• Many of the images in the show—images presented as artifacts, not as supplementary material—are reproductions rather than originals, when originals would have been easy enough to borrow. That many of these reproductions were sourced from photography clearing houses seems scandalous from a museum-academic standpoint; this is the same material that anyone with internet access can find with a few keywords.
  • The show privileges design aesthetics over substance to provide “experience” rather than any substantive education.
  • Poor curatorial choices resulted in some artifacts that are only tangentially related to tattooing (with no good explanation as to why they were included) and other artifacts that pale in comparison to superior examples readily available to borrow from multiple public and/or private collections.
  • Women’s tattoo history is barely present in this exhibition; where it exists, it’s often treated voyeuristically. (Hat tip to my colleague Kimberly Baltzer-Jaray who noticed this when we were visiting the Toronto version of the show together.)
field-museum-qb-tattoo-167

I’m not quite sure how tattooing “made its way to Europe” on the skin of sailors and adventurers when it had been present in Europe since circa 3300 BCE–long before people sailed or adventured, just one of several errors in this introductory panel to the “West” section.

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Filed under Criminology, Ethnographic, Exhibit Reviews, Myth Debunking, Popular Culture, Uncategorized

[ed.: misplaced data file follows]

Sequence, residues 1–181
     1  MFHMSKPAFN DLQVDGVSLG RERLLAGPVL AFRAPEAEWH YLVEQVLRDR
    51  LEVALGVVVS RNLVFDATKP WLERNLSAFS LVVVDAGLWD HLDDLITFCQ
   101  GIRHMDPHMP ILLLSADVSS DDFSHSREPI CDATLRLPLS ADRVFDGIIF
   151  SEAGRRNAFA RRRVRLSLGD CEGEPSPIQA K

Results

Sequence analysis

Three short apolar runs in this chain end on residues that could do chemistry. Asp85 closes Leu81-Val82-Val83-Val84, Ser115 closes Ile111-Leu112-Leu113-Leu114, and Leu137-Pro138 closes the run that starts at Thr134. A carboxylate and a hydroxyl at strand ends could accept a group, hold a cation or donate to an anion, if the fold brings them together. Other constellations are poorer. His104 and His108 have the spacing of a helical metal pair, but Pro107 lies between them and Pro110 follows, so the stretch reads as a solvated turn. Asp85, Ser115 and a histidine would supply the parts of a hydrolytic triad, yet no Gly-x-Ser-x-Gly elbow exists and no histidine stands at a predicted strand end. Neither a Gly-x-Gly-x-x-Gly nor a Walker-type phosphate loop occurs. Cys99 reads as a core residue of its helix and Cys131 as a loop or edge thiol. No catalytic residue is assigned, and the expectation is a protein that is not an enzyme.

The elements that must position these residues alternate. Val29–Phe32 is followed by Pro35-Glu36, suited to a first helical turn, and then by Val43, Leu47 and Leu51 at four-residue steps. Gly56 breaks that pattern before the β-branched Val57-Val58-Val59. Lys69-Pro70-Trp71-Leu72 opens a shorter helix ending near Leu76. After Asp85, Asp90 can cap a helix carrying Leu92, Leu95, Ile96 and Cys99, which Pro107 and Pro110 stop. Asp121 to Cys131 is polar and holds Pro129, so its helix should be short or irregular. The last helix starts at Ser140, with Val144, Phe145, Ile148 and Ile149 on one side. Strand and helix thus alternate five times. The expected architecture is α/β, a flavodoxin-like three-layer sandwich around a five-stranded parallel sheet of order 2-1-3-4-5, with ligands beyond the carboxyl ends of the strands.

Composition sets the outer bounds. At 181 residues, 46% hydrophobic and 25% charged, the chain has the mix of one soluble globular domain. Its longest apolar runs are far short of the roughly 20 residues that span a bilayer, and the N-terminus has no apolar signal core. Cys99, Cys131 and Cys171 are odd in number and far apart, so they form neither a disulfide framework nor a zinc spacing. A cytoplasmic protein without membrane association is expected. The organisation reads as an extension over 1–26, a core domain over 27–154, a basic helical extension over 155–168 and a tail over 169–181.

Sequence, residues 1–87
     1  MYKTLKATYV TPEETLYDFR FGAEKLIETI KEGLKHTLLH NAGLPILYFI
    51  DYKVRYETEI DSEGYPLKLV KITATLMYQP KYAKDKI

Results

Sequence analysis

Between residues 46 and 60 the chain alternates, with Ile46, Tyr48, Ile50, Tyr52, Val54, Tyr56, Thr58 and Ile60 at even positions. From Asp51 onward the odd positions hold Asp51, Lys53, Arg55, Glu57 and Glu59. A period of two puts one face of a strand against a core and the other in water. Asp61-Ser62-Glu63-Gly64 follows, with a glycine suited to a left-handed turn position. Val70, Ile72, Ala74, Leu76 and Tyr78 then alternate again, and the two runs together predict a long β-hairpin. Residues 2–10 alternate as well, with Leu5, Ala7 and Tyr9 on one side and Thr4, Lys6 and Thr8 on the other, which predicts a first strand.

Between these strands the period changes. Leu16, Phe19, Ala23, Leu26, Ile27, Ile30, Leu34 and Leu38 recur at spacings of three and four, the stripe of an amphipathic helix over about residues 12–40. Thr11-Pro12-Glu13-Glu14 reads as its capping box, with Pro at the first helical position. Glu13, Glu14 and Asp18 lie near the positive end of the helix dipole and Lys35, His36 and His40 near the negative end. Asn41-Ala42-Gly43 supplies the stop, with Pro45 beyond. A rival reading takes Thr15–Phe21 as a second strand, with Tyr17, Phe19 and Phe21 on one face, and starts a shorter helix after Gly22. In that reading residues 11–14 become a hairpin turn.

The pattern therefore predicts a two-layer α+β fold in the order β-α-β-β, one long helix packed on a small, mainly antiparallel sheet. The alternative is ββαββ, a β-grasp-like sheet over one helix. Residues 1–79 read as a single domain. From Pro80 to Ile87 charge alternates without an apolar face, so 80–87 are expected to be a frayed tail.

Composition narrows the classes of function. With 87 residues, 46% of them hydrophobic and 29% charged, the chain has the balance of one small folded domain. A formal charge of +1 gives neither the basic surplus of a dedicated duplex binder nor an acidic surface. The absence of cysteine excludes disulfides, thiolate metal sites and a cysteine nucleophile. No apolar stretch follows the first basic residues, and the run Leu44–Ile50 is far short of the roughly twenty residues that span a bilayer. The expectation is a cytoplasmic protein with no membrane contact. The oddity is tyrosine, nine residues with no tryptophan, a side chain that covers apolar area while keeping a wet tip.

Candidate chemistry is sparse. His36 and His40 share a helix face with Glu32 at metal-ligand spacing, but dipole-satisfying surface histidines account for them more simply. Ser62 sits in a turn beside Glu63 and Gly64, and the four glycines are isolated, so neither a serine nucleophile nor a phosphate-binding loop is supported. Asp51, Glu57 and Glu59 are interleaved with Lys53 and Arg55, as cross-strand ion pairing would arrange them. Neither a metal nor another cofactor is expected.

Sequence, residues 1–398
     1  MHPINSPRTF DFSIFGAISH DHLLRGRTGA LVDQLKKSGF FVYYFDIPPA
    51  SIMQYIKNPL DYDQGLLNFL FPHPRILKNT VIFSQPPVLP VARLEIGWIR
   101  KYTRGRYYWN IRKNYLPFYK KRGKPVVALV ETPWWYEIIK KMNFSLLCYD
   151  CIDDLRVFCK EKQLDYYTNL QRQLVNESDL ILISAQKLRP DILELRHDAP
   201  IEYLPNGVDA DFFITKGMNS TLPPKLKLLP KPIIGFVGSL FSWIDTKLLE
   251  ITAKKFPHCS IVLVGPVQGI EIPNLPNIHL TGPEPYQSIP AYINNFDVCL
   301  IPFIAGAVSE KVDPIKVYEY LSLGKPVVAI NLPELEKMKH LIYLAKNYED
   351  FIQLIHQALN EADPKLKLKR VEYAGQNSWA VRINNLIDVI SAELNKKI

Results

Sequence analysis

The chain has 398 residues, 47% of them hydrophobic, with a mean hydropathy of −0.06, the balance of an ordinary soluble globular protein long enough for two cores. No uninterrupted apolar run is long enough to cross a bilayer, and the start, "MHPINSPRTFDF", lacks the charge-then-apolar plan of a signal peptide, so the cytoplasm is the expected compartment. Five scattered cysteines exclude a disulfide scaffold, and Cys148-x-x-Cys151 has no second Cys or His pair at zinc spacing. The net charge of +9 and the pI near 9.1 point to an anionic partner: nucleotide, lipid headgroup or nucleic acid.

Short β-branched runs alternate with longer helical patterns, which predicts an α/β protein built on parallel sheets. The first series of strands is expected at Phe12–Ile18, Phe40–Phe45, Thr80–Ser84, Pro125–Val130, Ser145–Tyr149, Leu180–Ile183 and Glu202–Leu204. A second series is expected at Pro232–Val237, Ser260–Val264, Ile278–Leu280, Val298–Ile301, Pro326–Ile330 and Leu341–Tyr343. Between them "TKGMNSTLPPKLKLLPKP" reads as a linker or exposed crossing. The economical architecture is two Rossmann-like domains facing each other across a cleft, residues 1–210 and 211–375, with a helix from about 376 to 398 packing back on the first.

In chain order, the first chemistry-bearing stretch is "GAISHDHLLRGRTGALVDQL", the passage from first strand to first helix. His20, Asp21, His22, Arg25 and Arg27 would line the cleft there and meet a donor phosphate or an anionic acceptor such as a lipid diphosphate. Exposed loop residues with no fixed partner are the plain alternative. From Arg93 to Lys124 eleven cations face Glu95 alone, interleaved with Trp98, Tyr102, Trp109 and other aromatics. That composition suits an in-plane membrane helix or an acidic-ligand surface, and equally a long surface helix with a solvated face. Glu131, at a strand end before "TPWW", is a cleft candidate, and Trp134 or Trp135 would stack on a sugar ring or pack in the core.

Justin Trudeau Joins the Ranks of the World’s Tattooed Leaders

I’ll preface this post by saying I know absolutely nothing about Canada’s new Prime Minister, Justin Trudeau, other than the fact that last night my Facebook feed was flooded with images of his toned, semi-naked body and comments about how the new world leader was incredibly hot. Given his propensity to be photographed shirtless, I immediately spied his tattoo. Yes! Another world leader to add to my list of tattooed historical people.

JustinTrudeauGlamourTattoo

(I did not call this image beefcake, the original source did!) Continue reading

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A Dozen Questions to Ask When Writing About Tattoo History and Culture

Attention all who write or might want to write about tattoo history and/or culture!

(This includes journalists, bloggers, academics, and more…)

Here’s a handy list of a dozen questions to ask yourself both before and after composing your piece of writing–relevant to everything from a short social media post to a dissertation or book.

(See longer explanation of the origins of this list below.)

1. Do you understand the difference between folklore and historical fact? Are you conflating folklore with historical fact?